Pimavanserin reduced psychotic symptoms in people with dementia in phase 3 study

A large-scale trial has found a treatment with pimavanserin substantially reduced psychotic symptoms and reduced risk of relapse of those symptoms compared to placebo in people with dementia, a condition for which no treatments are currently licensed.

New data presented at the Alzheimer's Association International Conference indicates that pimavanserin leads to a robust reduction in the severity of psychosis symptoms during the 12 week open-label phase of the study, regardless of the underlying dementia subtype or the severity of participants' dementia.

The international phase three relapse-prevention trial was conducted in collaboration with the University of Exeter, working with Acadia Pharmaceuticals. The trial enrolled 392 participants who were experiencing hallucinations and delusions as a result of their dementia.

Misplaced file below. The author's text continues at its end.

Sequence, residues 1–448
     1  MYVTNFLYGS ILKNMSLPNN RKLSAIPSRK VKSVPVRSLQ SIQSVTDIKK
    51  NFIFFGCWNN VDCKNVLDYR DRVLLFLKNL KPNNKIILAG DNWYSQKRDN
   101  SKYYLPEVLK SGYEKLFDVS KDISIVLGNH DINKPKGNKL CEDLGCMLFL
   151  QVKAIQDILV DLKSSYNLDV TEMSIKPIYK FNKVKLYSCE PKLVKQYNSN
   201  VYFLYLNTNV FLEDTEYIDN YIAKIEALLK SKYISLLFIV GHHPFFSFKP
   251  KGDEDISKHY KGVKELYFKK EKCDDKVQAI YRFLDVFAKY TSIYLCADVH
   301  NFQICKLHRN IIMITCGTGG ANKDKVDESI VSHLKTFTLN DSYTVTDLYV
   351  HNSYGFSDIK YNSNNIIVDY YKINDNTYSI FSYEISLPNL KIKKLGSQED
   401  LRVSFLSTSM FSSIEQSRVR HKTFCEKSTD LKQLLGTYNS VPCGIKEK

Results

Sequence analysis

Up to half of the 45 million people worldwide who are living with Alzheimer's disease will experience psychotic episodes, a figure that is even higher in some other forms of dementia. Psychosis is linked to a faster deterioration in dementia, and is disturbing for the individual and carers.

Currently there is no approved safe and effective treatment for these distressing symptoms associated with dementia-related psychosis. In people with dementia, widely-used antipsychotics lead to sedation, falls, and can double the speed at which brain function deteriorates.

Pimavanserin works differently, by blocking a very specific nerve receptor (5HT2A) in the brain. Now, it has been found to effectively reduce symptoms of psychosis in people with Alzheimer's disease and other dementias, without evidence of some of the common side effects observed with other antipsychotics.

Psychosis is a common and extremely disturbing symptom which has a severe impact on the lives of people affected by dementia. We urgently need treatments that work, and I'm excited by the potential of pimavanserin to make a real difference."

Clive Ballard, Professor of Age-Related Diseases at the University of Exeter Medical School

Clive Ballard co-authored the research presented at AAIC.

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